1) means of perceiving reality: eye

2) hollowed out and replaced with artificial signs of blue sky + pupil.

3) “Photographic” sign & drawing sign frame each other

Semiotic Reading: The False Mirror
influences of structuralism some examples
Influences of Structuralism: some examples
  • Sign= signifier + signified referent
  • Language is not mimetic (a mirror, or a transparent container of reality); it constructs reality; it speaks us.
  • Binary thinking.  open to deconstruction
examples of binarism in traditional literary theories
Politics/Truth vs.

Plato – the realm of appearance vs. the realm of Form  poetry twice removed

Poetics

Aristotle –Three unity, etc.

Examples of binarism in traditional literary theories
  • Sir Philip Sidney: to teach and delight
  • The Mirror and the Lamp
examples of binarism in traditional literary theories 2
Reason

Plato – poetry tells lies and excites emotions.

Pope -- golden rules; restraint, good taste, Dryden: "wit": propriety of thoughts and words

Emotion/Energy

Romantic poets: imagination

New Criticism: Setting up Literature as a discipline (autonomy, organicism, etc.)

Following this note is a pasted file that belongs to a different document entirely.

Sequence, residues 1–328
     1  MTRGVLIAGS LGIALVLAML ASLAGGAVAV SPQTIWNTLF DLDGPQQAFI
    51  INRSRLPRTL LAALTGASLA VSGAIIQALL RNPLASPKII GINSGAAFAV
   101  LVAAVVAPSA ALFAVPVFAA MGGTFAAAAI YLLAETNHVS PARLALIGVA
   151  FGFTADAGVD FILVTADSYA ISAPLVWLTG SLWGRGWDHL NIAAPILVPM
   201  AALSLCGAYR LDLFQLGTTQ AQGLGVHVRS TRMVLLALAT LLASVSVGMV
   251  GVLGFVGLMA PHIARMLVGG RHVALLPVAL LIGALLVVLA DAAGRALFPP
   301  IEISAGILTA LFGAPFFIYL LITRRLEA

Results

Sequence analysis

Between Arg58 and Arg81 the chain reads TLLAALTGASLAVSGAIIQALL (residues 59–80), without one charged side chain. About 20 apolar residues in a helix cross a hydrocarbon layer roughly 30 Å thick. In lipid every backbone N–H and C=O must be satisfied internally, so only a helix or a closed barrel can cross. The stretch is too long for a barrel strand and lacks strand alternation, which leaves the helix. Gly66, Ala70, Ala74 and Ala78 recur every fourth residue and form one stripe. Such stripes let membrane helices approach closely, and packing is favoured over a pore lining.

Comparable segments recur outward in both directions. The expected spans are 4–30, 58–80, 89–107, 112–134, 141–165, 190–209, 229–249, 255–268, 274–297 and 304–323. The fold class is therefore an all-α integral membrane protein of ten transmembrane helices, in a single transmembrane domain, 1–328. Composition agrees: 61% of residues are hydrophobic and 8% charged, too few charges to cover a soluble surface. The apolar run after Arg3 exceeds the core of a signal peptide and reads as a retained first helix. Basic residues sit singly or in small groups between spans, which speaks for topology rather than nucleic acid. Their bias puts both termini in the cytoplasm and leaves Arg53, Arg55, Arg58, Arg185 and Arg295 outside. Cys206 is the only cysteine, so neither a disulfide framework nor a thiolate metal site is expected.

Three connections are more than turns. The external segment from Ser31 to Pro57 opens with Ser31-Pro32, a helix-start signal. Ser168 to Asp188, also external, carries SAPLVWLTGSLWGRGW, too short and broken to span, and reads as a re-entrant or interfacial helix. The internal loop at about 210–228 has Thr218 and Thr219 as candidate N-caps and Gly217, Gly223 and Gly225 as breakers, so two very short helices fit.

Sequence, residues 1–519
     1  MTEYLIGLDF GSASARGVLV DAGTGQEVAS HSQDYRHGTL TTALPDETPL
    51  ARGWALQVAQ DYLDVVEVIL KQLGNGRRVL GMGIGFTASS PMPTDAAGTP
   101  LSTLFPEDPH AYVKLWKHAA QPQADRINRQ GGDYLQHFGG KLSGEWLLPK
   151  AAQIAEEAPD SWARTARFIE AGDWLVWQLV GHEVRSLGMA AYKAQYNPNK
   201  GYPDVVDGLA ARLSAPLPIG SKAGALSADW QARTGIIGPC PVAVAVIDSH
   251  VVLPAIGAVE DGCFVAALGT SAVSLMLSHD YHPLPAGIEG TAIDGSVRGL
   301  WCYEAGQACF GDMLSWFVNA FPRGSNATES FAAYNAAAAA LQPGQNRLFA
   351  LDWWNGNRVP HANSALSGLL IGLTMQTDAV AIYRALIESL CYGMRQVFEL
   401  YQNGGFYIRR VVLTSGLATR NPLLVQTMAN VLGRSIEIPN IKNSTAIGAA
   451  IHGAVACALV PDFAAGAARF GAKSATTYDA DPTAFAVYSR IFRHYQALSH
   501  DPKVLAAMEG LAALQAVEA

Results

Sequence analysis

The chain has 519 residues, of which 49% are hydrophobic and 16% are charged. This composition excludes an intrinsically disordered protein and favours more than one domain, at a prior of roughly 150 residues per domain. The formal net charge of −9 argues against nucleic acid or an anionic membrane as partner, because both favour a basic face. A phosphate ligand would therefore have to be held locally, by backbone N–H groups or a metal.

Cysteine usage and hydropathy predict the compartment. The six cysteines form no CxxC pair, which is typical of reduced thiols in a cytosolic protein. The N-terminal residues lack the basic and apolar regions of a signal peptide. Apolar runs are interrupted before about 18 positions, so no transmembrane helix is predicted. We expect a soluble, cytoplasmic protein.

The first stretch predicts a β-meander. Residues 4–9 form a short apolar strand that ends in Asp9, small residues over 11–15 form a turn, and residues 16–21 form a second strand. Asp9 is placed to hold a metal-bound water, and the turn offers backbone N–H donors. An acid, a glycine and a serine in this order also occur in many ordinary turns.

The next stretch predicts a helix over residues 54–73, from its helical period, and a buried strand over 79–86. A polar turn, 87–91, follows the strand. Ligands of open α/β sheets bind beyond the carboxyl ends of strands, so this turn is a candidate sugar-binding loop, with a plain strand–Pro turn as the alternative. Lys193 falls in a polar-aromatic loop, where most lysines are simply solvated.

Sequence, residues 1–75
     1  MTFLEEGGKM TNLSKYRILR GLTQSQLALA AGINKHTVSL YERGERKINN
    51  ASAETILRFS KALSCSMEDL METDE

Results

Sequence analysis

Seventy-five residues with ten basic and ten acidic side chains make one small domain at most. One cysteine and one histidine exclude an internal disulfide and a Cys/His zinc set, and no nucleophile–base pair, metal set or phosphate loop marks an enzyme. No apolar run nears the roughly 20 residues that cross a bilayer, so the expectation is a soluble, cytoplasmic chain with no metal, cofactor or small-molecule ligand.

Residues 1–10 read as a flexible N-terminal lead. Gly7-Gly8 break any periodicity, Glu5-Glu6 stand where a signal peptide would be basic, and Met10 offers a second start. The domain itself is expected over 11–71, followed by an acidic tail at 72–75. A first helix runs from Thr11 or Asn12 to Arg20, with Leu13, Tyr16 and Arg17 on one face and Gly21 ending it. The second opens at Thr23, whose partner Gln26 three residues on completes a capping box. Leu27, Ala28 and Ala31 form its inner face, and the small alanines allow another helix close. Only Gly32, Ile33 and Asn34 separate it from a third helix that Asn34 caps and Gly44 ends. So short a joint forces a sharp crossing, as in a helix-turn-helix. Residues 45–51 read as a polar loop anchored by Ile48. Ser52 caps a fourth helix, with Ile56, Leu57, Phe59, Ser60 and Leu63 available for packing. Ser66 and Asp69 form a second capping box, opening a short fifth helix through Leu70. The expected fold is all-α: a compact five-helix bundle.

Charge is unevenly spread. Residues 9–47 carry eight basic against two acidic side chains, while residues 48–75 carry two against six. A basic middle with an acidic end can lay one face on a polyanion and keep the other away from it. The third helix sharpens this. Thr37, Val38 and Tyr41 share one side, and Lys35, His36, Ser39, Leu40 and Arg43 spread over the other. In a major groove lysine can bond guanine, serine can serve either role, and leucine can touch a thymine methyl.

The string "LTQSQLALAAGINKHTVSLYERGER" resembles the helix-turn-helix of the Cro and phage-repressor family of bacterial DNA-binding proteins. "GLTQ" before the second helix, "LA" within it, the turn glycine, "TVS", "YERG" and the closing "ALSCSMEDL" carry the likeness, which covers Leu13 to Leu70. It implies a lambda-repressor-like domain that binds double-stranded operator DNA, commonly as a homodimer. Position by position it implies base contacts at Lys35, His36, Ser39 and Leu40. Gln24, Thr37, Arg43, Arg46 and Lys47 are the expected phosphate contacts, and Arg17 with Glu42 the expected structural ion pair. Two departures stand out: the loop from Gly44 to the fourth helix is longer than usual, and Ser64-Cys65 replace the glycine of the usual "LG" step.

 An “objective” approach, just as Structuralism is scientific

Examples of binarism in traditional literary theories (2)
after structuralism more fluid binaries in contemporary theories
After Structuralism: More Fluid Binaries in contemporary theories
  • Politics vs. Poetics;
  • Art vs. popular culture;
  • Culture vs. Economic Relations;
  • Father vs. Mother; Lack vs. imaginary plenitude
  • fixity of meaning vs. fluidity of language, identity and culture, etc.

The lines are no longer clear-cut. Autonomy and Absolute truth are out.

references
References
  • Storey, John, ed. .What is Cultural Studies: A Reader. London: Arnold, 1996.
  • Sadoff, Dianne F and William E. Cain, eds. Teaching Contemporary Theory to Undergraduates. NY: MLA 1994.